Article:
2.9 -- TÊTE DE TURC, Pascal Elbé
[reviewed by Sylvain Richard] An emotionally stirring and moving urban drama that deals with integrity and honour. Bora is a 14-year-old Turkish immigrant living with his mother and seven-year-old brother in a tough Parisian suburb. One night, during a confrontation, Bora throws a Molotov cocktail from a rooftop in order to impress the boys in the ‘hood.’ It lands on the vehicle of Simon, a doctor. He feels remorse about doing this, so when the boys leave, Bora rushes down to pull the comatose body of Simon out of the burning vehicle and leaves him lying on the sidewalk. This saves his life. The Mayor wants the culprit to be arrested in order to honour the ‘Good Samaritan’ with a medal. Simon’s detective brother, Atom, leads the investigation. Being burdened by guilt, Bora wants to do the right thing and turn himself in, but fearing the consequences he is reluctant to do so. His mother sees this as a means to move out of the neighbourhood, and pushes Bora to accept the medal. A star-studded well-casted film that includes Roshdy Zem, Pascal Elbé, Ronit Elkabetz and relative newcomer Samir Makhlouf in the leading roles.

[reviewed by Sylvain Richard] Viviane (Suzanne Clément) is a professional photographer. Frédéric, her brother, used to be her muse. One day, he storms out of her life and since then she has been on a creative impasse. That is, until a young mechanic named Guillaume (Maxime Dumontier), walks into her studio to do a photo shoot for an ad campaign. She is intrigued by the raw energy he exudes. It reminds her of her brother. She trashes the muffler on her car, to give her an excuse to see him. She asks Guillaume to work with her on a special project. He agrees but on his own terms. A short while later, Guillaume’s father comes to the studio and warns Viviane to maintain a distance from his son. She continues to see him, disregarding his father’s warning. Guillaume begins to manifest a self-destructive nature from being deeply traumatized by a family tragedy that he feels responsible for. The direction of this psychological drama is aimless and un-engaging. Certain scene shifts are vague or blurred, leaving the viewer perplexed on whether or not a scene has concluded.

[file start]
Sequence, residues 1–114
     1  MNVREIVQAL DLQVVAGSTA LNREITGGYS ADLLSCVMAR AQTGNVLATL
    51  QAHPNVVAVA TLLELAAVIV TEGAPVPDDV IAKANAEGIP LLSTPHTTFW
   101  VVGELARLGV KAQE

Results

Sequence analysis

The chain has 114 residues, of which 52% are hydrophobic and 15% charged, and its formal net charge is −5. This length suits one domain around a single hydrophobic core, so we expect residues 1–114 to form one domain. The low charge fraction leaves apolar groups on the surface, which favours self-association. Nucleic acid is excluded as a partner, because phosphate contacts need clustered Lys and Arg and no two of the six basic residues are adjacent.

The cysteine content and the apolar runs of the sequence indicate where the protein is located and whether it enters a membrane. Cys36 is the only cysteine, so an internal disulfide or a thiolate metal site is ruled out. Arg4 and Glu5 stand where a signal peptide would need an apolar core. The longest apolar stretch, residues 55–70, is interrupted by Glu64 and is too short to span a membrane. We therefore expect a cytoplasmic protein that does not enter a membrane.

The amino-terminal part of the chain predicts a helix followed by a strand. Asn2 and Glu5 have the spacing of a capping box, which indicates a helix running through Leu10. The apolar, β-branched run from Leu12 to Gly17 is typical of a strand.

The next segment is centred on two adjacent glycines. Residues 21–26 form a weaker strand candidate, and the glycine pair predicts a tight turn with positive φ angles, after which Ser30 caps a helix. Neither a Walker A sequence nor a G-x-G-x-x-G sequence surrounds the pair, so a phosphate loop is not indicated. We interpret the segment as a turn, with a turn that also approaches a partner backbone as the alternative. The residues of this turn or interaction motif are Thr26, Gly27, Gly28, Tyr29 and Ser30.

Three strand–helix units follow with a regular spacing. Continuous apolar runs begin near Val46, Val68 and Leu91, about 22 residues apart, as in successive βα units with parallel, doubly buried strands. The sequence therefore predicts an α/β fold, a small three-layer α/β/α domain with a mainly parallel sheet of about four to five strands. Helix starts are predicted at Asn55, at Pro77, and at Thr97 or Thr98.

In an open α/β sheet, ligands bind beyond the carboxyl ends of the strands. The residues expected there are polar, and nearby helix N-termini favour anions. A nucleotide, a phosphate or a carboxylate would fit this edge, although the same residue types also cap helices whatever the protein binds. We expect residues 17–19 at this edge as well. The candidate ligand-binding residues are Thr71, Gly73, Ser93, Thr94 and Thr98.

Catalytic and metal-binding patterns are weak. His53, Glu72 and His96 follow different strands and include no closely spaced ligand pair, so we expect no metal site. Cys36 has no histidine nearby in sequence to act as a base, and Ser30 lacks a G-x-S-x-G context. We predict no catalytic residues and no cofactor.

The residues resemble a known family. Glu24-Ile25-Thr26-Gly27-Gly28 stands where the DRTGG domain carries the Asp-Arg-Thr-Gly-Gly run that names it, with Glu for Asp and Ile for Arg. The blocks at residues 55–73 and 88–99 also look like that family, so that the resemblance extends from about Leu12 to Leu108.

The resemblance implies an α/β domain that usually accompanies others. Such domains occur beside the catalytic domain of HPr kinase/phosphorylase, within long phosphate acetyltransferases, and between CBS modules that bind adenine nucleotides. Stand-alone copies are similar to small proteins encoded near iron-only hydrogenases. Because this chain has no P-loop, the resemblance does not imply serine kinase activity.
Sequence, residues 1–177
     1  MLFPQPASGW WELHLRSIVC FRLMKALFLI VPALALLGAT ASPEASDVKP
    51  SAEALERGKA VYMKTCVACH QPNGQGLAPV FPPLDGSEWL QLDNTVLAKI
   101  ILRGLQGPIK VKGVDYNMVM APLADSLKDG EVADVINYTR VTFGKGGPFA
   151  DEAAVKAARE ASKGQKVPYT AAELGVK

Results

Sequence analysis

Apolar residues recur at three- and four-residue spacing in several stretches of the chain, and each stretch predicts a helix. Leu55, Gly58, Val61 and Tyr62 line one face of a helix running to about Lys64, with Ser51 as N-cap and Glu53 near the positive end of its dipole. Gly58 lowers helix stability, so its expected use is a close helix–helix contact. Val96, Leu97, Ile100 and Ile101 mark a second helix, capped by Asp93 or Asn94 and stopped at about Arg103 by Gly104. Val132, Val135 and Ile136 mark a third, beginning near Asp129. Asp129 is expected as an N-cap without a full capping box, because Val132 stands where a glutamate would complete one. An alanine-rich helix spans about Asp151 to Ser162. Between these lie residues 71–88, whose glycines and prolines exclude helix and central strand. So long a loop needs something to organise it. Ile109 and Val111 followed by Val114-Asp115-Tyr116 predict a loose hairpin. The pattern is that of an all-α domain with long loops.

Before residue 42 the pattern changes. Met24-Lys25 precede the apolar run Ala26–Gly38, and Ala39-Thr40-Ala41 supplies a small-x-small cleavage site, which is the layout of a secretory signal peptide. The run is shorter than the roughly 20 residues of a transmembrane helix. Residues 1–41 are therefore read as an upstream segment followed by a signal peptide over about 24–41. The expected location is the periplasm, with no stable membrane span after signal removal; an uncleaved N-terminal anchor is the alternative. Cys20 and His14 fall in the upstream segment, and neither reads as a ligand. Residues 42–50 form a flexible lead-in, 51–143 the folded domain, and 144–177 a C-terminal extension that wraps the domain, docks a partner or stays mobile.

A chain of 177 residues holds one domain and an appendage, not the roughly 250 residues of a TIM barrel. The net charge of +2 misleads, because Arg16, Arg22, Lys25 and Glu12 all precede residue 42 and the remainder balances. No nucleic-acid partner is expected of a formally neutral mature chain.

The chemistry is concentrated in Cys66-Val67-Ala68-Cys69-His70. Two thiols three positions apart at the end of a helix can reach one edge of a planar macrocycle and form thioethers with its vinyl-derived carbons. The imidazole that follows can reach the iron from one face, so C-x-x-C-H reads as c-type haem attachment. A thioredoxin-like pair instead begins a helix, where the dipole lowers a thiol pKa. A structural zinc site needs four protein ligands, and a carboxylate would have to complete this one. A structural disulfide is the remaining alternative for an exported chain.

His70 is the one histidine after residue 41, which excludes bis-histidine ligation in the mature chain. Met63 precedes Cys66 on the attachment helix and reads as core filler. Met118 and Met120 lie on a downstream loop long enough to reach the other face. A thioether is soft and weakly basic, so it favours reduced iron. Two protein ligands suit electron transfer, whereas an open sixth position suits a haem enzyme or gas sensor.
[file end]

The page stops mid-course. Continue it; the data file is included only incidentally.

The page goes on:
2.0 -- Y'EN AURA PAS DE FACILE, Marc-André Lavoie
[reviewed by Sylvain Richard] Réjean, (Rémy Girard) is a biographer. He embellishes the life stories of others to increase their marketability. He is recently separated, so he decides to sign on to an on-line dating service. He is asked to submit a video recounting his past relationships. Now in order to sell himself he must embellish his own experiences and that he does. This comedy is not particularly funny. It is tedious to watch and Rémy Girard is not in usual top form in his performance. With different actors used to portray his character in each of his (mis)adventures is confusing, resulting in an uneven film.

2.7 -- HIDDEN DIARY (MÈRES ET FILLES), Julie Lopes-Curval
[reviewed by Sylvain Richard] Family social drama about three women, three generations. In the 1950s, Louise mysteriously leaves when her children, Martine and Gérard, are still young. Martine is now a respected physician in the community (a seaside resort) married to loving husband, Michel. She harbours resentment towards her mother, Louise, for abandoning her and her brother. This resentment is often directed against her daughter Audrey. It also manifests itself in her reluctance to travel outside the community. Audrey lives in Toronto and works for an engineering firm. She is an independent woman who discovers that she is pregnant. She decides to go and see her parents, Martine and Michel. Before she leaves her bosses hand her an important project to work on. Unable to do her work due to the many distractions at her parents, she decides to settle into abandoned home of her grandfather, Gilles, who recently passed away. While she is fixing it up, she stumbles upon the hidden diary of her grandmother, Louise. While reading it, she begins to imagine what it was like for Louise, her uncle Gérard and her mother Martine at the time. Will this diary clarify what actually happened and help Audrey decide what her future will be? Will she keep the baby and allow Tom, the father, to help taking care? Though the three main characters (portrayed by Marie-Josée Croze as Louise, Catherine Deneuve as Martine and Marina Hands as Audrey) cross three generations, the passing of time goes unnoticed because it is the chemistry that defines what is unique in this family.

2.6 -- THE SWITCH, Josh Gordon, Will Speck